How Orthodontic Retainers Are Made
Over time, it’s common for teeth to shift position from early youth through adulthood. As a result, anyone who has had braces or Invisalign is encouraged to wear retainers to keep their teeth properly aligned.
If your orthodontist has suggested that you wear a retainer, you may be wondering, how does a retainer work exactly, what is the best retainer type, and how are retainers made?
What Are Retainers and How Do They Work?
Retainers are pre-formed devices that fit in the mouth and rest behind and in front of the teeth to help maintain realignment after braces or Invisalign. Each retainer is custom fitted to the specific patient and is typically made of metal, plastic, or a combination of the two. Retainers are used as a form of maintenance after braces are removed to ensure teeth do not immediately begin shifting after the initial correction.
Wearing a retainer after orthodontic treatment is important regardless, but it is especially important for younger patients whose jaws and teeth are still prone to growing and makes them easier to shift around. A retainer helps to keep these teeth in place.
Depending on your previous treatment and results, your orthodontist might recommend specific lengths of time the retainer needs to be worn. If you’ve been wearing your retainer for a while now, your orthodontist might suggest only wearing a retainer at night. It’s important to listen carefully to the treatment plan and timeline your orthodontist sets out for you.
3D Printing Technology and Retainers
The design of a retainer is completely customized to the wearer. All orthodontists used to take an impression of the patient’s mouth, which was then put into a plaster mold to create an original piece. iTero digital scanners are now used by many orthodontists, including Dr. Milnor, to help design extremely accurate retainers.
With this new 3D printing technology, it is now easier and faster for your orthodontist to take an accurate impression of your teeth. With this new technology, many orthodontists can print a custom-fitted retainer right in their own office. This makes retainers more affordable and faster to obtain since they no longer have to be crafted in a lab. This also makes getting a replacement retainer a lot easier in case your retainer gets lost or damaged.
Different Types of Retainers
The Hawley Retainer is officially over 100 years old. Named after its creator, Dr. Charles A. Hawley, the removable retainer first came into existence in the early 1900s and was clinically tested and implemented for the first time in the 1920s.
Hawley retainers use metal wires around the base of the retainer that can be adjusted as necessary to keep the teeth adequately aligned. Hawley retainers are made with plaster molds designed from impressions or 3D images taken of the patient’s mouth. Plastic is molded around the plaster mold. After the plastic sets, it is taken out of the mold and wires are attached and bent to securely fit around the teeth in the patient’s mouth. Because Hawley retainers are handmade, they can be more expensive to replace. While at one time, Hawley retainers were once the more popular option for retainers, new advances in orthodontic technology has led to the Essix retainer being the most widely used.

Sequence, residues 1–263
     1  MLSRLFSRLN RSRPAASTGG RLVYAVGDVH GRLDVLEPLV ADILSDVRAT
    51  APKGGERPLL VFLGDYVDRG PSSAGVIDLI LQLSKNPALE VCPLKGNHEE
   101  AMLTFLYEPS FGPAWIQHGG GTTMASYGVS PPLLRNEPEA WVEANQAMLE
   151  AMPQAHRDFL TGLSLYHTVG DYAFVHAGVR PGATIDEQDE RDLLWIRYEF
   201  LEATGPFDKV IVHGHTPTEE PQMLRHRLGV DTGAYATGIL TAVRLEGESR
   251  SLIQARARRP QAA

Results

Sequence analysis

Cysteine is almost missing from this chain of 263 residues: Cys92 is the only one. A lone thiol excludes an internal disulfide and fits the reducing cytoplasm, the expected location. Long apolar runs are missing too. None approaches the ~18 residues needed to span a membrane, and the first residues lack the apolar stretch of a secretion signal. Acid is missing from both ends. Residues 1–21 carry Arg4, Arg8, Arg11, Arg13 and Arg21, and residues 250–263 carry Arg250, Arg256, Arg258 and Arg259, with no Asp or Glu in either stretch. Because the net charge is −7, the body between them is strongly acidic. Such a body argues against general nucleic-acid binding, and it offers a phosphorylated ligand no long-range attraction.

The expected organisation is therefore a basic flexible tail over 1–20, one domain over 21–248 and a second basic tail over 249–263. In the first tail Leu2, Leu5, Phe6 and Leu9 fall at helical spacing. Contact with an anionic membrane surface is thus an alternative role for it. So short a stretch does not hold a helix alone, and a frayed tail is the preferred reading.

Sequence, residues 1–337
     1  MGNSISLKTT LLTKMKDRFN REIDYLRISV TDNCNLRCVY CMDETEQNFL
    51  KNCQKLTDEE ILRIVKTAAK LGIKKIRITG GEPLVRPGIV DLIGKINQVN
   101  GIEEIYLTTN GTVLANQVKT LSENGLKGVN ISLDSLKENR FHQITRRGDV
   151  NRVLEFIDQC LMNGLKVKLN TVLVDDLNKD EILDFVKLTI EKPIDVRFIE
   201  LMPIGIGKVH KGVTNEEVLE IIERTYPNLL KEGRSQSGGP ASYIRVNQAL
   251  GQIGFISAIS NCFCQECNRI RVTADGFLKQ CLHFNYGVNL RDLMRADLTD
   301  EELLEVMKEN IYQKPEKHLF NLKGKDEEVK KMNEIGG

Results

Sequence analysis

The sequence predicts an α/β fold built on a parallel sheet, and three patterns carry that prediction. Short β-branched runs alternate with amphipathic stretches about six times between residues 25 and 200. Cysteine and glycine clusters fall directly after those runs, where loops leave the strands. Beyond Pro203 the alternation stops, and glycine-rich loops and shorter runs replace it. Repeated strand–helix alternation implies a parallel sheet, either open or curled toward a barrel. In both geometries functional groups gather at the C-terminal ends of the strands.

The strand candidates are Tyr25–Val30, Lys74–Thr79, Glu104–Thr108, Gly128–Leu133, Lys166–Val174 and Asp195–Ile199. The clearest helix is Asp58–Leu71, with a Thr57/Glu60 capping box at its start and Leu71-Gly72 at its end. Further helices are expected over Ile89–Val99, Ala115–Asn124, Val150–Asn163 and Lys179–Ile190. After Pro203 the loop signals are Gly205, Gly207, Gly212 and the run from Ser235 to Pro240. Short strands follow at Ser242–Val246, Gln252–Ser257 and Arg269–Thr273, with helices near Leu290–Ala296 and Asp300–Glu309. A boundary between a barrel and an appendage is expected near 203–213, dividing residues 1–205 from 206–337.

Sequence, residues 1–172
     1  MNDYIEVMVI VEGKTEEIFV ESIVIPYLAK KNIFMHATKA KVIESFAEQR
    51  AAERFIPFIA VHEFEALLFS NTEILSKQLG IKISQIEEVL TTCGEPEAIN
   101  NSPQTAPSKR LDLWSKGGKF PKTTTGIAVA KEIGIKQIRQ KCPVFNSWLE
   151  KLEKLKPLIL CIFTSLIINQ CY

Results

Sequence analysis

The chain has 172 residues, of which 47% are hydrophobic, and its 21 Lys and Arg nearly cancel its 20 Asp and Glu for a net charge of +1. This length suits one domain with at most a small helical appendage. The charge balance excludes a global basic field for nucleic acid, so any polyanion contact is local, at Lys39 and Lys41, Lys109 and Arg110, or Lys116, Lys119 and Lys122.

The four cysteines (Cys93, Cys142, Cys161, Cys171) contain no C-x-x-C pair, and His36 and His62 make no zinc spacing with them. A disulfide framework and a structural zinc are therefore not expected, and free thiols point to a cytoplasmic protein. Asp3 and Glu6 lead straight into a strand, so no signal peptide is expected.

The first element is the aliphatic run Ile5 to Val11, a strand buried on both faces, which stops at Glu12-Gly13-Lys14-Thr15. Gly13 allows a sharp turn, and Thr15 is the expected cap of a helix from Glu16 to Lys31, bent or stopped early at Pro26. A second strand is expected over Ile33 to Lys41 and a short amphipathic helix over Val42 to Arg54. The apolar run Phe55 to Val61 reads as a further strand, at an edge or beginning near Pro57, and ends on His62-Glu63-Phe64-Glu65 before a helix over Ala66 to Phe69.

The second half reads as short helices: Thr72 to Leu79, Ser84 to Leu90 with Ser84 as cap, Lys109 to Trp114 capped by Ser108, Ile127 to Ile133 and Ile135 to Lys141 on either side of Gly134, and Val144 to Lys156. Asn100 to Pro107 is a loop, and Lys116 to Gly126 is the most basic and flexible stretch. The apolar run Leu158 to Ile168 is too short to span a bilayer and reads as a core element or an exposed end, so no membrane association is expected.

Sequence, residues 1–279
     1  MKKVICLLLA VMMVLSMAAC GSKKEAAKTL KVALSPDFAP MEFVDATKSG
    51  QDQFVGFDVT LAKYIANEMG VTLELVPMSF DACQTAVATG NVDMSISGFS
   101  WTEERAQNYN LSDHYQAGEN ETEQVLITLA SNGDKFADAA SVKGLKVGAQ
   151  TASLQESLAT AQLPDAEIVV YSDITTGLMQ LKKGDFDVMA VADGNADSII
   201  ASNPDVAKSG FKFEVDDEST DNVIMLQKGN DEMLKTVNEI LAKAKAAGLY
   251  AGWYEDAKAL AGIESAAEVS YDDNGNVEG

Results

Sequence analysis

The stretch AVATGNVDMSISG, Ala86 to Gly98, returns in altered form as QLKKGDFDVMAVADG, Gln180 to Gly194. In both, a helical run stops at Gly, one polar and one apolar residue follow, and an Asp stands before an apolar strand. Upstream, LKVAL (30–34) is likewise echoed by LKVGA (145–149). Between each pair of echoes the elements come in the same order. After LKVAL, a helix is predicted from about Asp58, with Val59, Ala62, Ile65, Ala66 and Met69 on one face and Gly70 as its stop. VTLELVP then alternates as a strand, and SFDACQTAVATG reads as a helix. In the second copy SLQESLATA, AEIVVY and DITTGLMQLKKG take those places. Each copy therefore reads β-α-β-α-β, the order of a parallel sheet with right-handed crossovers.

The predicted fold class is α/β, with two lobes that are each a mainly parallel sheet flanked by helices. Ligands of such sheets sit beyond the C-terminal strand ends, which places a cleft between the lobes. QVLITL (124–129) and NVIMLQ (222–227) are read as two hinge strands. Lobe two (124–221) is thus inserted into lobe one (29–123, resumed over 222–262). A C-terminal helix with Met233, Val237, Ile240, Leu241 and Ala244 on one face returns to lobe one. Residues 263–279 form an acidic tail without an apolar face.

Essix retainers, introduced in the 1990s, are a clear option that looks similar to an Invisalign aligner. Essix retainers are the most popular type of retainer as they can be made with transparent materials that are considerably less noticeable. They are made with high-performance shaped plastic that completely covers the teeth and can last up to 24 months. Essix retainers are made by having a piece of plastic heated by a machine to soften and then vacuum suctioned to the mold of the patient’s teeth. The excess material is trimmed and the edges are smoothed to make the fit more comfortable.
As a semi-permanent solution, fixed retainers address more severe alignment issues and rest on the inner side of the teeth. Once the retainer is appropriately situated, it is bonded to the teeth and is designed to stay in the mouth, eliminating the possibility of the retainer not being worn enough to be effective. Fixed retainers are a good option for younger patients so there is no worry of the retainer being lost, damaged or not used properly.
How to Care for Your Retainer
Since most retainers are in and out of patients’ mouths regularly, it’s essential they are cared for properly . Much like contact lenses, retainers should always be cleaned before they are used again. Using a toothbrush with mild dish soap and warm water is sufficient enough to clean the retainer. Certain types of toothpaste may be too abrasive and damage it. For example, toothpastes that have whitening components are too abrasive and can damage the retainer. When not being used, retainers can be kept in their storage cases to stay protected and prevent them from getting dirty. It is also important to clean the retainer case fairly regularly. Just as you wouldn’t want to dry your hands on a dirty towel after washing them, you don’t want to place your clean retainer in a case that might be dirty.
Once your retainer is made for you, it is important to wear it and care for it according to your orthodontist’s instructions. Otherwise, you may lose that perfect smile you worked so hard to achieve. If you lose your retainer, make sure you contact your orthodontist as soon as possible in order to have another retainer made.
At Milnor Orthodontics, our experts are here to help you achieve a priceless smile. Call our office at (970) 230-3187 or visit milnororthodontics.com to learn more. We're located at 1103 S. Shields St. in Fort Collins, Colorado.